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Negotiating a severance with your employee

When it comes to letting employees go, some decisions are more difficult than others. Unfortunately, anytime you terminate an employee, you open your company to negative repercussions, including the potential for a lawsuit.

To minimize those consequences, some employers offer severance packages to employees they terminate. While severance packages are not mandatory when you fire a worker, you may find yourself in a situation where offering such a benefit is worth the trouble.

Coming to the bargaining table

Your employment contract may include a clause entitling a worker to a severance. If this is the case, you must abide by the agreement or risk that your employee will sue you for breach of contract. If no such clause exists, you may find yourself in a situation where you are negotiating the terms of a separation agreement. Some common benefits you may consider offering to your employee include the following:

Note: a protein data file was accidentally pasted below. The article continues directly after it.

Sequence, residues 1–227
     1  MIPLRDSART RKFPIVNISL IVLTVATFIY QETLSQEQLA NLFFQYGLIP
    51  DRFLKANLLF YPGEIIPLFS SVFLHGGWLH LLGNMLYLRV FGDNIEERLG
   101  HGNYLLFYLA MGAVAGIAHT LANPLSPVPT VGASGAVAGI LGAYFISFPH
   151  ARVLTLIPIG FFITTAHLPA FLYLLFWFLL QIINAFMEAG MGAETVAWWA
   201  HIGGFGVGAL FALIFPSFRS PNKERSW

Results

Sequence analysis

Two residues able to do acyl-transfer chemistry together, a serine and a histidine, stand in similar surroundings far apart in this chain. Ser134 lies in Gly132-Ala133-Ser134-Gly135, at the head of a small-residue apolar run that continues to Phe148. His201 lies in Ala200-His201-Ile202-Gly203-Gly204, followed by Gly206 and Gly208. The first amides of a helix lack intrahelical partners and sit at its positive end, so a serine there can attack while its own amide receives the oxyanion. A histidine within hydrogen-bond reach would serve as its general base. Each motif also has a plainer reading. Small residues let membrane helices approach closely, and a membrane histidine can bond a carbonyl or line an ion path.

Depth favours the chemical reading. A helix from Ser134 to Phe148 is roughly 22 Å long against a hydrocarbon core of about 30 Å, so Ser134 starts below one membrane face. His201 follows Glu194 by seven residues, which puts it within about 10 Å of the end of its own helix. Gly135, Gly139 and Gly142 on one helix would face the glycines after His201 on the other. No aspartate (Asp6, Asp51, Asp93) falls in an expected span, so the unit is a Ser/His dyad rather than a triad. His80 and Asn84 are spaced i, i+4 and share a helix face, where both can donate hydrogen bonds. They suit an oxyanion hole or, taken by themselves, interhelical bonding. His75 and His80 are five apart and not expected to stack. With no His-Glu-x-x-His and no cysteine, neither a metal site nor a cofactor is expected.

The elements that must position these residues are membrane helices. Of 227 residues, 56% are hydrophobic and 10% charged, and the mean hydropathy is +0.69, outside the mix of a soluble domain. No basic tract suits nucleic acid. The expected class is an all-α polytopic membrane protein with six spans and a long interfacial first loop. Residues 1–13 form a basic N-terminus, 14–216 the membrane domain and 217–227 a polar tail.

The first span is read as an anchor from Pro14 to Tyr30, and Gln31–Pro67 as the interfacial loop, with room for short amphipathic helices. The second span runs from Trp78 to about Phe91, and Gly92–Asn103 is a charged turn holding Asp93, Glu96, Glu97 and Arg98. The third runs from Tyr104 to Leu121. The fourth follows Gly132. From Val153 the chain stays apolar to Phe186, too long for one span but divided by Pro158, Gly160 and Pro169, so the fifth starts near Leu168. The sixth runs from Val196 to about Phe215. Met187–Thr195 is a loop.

• The standard rate of pay, typically two weeks' salary for each year of employment
  • Continued health coverage for a period of time
  • Assistance with finding work
  • A letter of recommendation or reference
  • Compensation for unused sick days or vacation time
  • The right to keep certain company property such as a phone or laptop

It is typical for an employee to haggle for more benefits, so you may want to seek advice about finding a fair balance for your opening offer. Of course, none of this comes without a comparable return from your employee. What you are trying to accomplish is protection for your company from negative ramifications, so you may require your employee's signature on any of the following in exchange for the benefits you offer:

  • A waiver releasing your company from paying unemployment benefits
  • Surrender of the right to sue for wrongful termination
  • A contract preventing the employee from working for your competitors for a specific length of time or from starting a competing business
  • An agreement that your employee will not take customers from you or attempt to persuade other employees to leave
  • Agreements binding the employee to nondisclosure of company secrets, the circumstances of the termination or the terms of the severance

Weighing the cost of a severance with the potential damage a disgruntled employee can do is an important part of the process. Seeking advice from a California attorney is one way to proactively address these issues. An attorney can also assist you in drafting a severance agreement using clear language that has a better chance of holding up during a legal dispute.

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